Our super-talented, all-around nice guy, Mr. Tony Orbach, is responsible for the Sunday Challenge crossword, and it was another fun offering with great fill. I’ve heard a lot of good things about PENNY DREADFUL, and knowing that Timothy Dalton, someone whom I really appreciated in his two appearances as James Bond back in the day, is in the series makes me want give the show a whirl (23A: [Showtime horror series with Timothy Dalton]). Love the two 15-letter entries going down, BATTLE OF BRITAIN (12D: [More formal name of The Blitz]) and OUT ON THE OPEN SEA, something I would love to get to do more often as long as it’s a transatlantic flight and not a cruise (3D: [Amid a transatlantic passage, say]). Just found out recently that I get a little bit of motion sickness when I am at sea on a boat. This grid gets more points from me given the multiple entries that involve African geography, KENYA (8D: [African setting of John le Carré’s “The Constant Gardener”]) and RABAT (38A: [Capital of Morocco]). In a bit of somewhat coincidence (and mostly blogger inanity), I found it funny to see SEAT BELTS (63A: [Safety devices that became mandatory in cars starting in 1968]) in the same grid as NADIR, since it was another crossword entry favorite, nadir homophone Ralph Nader, who was so influential in making American cars much safer in the 1960s with his lobbying and reporting on shady American car makers (45A: [The absolute pits])

“Sports will make you smarter” moment of the day: SINGLETON (18A: [Director John of “Boyz N the Hood” and “2 Fast 2 Furious”])– Former Major League baseball Ken Singleton is currently a play-by-play broadcaster and game analyst on the YES Network, the New York Yankees cable channel. As a player, mostly for the Baltimore Orioles, Singleton was one of the biggest power threats in the American League. In 1977, Singleton finished third in the AL MVP voting, and in 1979, he finished second as he hit a career-high 35 home runs and also had a career-high with 111 runs batted in. In that 1979 season, the Orioles made the World Series but lost in seven games to the “We Are Family” Pittsburgh Pirates.

See you all on Monday, and thanks for much for another week of crosswords! See you tomorrow!

Take care!


Mike Peluso’s syndicated Los Angeles Times crossword, “It’s a Start”

LA Times Sunday crossword solution, 12 21 14 "It's a Start"

LA Times Sunday crossword solution, 12 21 14 “It’s a Start”

Each theme entry began as a familiar phrase or compound word. The start of each one’s final word/component becomes “a start,” with a schwa sound added and a consonant doubled to form a new word:

  • 25a. [Speech at a revival?], TENT ADDRESS.
  • 27a. [Variety of stars on a clear night?], COSMIC ARRAY.
  • 56a. [Only matchmaker in town?], LONE ARRANGER. Can’t say that I call a matchmaker an “arranger,” even if they arrange blind dates.
  • 83a. [Approval from above?], HEAVEN ASSENT.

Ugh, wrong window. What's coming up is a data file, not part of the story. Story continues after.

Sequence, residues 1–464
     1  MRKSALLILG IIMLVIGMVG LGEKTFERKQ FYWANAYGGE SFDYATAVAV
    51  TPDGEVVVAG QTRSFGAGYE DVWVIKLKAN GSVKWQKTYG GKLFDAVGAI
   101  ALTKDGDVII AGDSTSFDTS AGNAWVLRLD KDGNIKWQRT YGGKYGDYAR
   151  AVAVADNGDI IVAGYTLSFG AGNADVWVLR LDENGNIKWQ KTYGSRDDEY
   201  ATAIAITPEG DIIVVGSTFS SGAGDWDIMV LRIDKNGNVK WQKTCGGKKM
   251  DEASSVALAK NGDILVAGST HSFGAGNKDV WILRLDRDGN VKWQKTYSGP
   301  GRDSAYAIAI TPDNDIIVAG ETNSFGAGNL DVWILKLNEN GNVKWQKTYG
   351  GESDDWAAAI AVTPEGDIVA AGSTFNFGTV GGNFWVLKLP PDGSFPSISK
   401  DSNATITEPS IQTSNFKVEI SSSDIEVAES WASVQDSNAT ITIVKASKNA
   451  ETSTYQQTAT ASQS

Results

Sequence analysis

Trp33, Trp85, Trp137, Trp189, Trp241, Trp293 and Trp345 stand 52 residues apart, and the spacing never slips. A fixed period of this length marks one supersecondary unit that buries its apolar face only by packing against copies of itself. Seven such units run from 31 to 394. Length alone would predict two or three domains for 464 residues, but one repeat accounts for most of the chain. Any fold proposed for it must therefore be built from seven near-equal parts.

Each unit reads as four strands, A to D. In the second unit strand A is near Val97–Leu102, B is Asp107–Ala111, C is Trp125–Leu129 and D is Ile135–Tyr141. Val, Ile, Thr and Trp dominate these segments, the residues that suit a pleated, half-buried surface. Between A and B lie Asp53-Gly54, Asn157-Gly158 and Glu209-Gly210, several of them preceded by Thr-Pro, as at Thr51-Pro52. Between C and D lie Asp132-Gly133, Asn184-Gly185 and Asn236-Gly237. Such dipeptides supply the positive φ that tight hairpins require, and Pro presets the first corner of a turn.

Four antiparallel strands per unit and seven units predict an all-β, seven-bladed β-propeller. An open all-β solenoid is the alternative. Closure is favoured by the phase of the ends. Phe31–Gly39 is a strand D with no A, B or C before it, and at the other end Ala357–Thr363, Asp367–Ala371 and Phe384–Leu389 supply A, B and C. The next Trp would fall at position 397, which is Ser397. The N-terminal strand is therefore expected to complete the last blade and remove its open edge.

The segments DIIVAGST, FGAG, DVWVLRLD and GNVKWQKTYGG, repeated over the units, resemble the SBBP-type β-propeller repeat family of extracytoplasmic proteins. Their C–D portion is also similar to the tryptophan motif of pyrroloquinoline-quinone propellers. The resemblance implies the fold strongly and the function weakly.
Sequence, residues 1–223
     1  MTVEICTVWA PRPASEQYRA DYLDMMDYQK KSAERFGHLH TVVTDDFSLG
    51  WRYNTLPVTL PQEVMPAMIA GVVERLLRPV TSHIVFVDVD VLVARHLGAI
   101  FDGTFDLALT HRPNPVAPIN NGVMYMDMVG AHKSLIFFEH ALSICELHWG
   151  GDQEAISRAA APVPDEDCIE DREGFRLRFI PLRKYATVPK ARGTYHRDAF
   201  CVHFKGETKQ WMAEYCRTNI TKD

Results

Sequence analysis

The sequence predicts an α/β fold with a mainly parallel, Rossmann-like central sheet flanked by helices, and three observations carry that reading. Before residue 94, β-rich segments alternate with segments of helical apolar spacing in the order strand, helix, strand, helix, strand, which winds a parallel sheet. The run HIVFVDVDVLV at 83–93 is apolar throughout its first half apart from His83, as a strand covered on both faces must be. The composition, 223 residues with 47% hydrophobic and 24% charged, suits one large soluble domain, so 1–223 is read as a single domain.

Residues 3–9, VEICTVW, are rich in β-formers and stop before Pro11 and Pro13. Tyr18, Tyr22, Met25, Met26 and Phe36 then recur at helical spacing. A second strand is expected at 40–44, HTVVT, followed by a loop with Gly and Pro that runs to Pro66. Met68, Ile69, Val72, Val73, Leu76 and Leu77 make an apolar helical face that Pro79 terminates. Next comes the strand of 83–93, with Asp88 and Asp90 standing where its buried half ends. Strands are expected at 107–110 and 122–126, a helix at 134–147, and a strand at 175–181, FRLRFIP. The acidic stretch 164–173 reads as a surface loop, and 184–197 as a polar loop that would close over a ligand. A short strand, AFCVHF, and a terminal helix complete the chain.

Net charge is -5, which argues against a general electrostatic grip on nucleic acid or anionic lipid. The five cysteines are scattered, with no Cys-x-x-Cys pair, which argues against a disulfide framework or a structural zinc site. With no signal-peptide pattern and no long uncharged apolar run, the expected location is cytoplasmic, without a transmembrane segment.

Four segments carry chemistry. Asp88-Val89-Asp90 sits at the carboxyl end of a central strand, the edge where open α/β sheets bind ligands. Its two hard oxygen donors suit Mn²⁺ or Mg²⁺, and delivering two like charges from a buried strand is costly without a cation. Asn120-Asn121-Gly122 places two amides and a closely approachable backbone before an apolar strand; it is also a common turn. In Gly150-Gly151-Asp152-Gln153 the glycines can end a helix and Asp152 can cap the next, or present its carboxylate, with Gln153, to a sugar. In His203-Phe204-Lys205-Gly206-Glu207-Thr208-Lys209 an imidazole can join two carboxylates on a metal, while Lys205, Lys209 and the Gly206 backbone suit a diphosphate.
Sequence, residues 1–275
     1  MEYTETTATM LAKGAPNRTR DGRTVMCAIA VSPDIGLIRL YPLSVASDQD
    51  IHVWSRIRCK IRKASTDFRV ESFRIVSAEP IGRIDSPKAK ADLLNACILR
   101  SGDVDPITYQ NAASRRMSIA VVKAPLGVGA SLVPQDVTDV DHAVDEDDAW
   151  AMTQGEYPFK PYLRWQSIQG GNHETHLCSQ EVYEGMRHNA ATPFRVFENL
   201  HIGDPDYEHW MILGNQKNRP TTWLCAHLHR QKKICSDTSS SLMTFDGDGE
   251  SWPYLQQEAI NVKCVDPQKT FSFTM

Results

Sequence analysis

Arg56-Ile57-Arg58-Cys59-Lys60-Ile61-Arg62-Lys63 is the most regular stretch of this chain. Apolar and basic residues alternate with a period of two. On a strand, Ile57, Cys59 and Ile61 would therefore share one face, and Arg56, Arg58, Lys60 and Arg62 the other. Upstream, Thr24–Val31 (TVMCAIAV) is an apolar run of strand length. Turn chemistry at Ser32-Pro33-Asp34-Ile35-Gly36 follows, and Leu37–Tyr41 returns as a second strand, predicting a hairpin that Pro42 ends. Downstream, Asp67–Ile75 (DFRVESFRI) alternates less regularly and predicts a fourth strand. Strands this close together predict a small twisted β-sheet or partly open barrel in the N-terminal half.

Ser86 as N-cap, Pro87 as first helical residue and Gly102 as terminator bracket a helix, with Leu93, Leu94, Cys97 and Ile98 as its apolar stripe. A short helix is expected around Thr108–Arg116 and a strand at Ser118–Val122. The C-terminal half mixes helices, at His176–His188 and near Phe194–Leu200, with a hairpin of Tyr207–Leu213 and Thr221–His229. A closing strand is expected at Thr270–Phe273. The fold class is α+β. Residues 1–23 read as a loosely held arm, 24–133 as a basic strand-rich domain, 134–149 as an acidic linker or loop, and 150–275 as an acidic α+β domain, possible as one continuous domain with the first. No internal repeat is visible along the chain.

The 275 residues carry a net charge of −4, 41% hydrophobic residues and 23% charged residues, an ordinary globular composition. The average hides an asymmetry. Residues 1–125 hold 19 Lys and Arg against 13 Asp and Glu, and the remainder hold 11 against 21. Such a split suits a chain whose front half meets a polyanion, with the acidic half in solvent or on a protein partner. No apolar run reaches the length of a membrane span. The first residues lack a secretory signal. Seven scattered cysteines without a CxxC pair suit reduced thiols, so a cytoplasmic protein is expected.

• 114a. [St. Louis tourist?], ARCH ARRIVAL.
  • 119a. [Rap sheet listing?], BACK ARRESTS.
  • 36d. [Ambush during a “wrestling” match?], THUMB ATTACK. Thumb wrestling, that is. This one’s pretty cute.
  • 41d. [Extra clothes?], SPARE ATTIRE.

The theme is well-constructed, with a consistency in format (A + doubled letter) and sound (schwa, not short A—ADDRESS can hold a short A, but I think when talking about oratory, the schwa pronunciation tends to hold steady).

VOICEMAIL, SQUEAKER, MINI ME, and AY CARAMBA are nice additions to the grid. More noticeable, though, were the little crosswordese bits that sneaked in:

  • 19a. [Russian city near the Ukraine border], OREL.
  • 32a. [Protected whale], SEI.
  • 71a. [More, on a score], PIU.
  • 77a. [Hush-hush maritime org.], ONI. Office of Naval Intelligence.
  • 87a. [Aleutian island], ATKA.
  • O’-THE, APOS, ESA, SMEE, ELKO, NOBIS, OSSO … Nothing I haven’t seen in my decades of puzzling, but nothing I look forward to seeing either.

3.5 stars from this solver.

Henry Hook’s CRooked crossword, “No Middle Names” — pannonica’s write-up

CRooked • 12/21/14 • "No Middle Names" • Hook • hex/hook, bg •  solution

CRooked • 12/21/14 • “No Middle Names” • Hook • hex/hook, bg • solution

Dove right into this one with a wrong answer at 1-across. [Red River city], five letters? Got to be HANOI. >bzzzt!< FARGO. Fortunately, things soon improved during my solve.

The theme here is based on the notion of linking up people’s names to form chains, for which it’s useful to have an arsenal of both individuals with first names that are more commonly surnames, and surnames that are commonly first names. The theme answers are derived from minimal chains of three, with the intermediary name omitted. And now I’m quite certain I’ve explained the theme in the most opaque, confusing manner possible. Onward!

  • 22a. [President; R&B singer] WOODROW PICKETT. Who? That’s Woodrow Wilson and Wilson Picket → Woodrow Wilson Pickett → Woodrow Pickett → wicket. Oh whoops, overshot the mark there. Anyway, see how it works?
  • 24a. [Actress; telejournalist] PAMELA {ANDERSON} COOPER.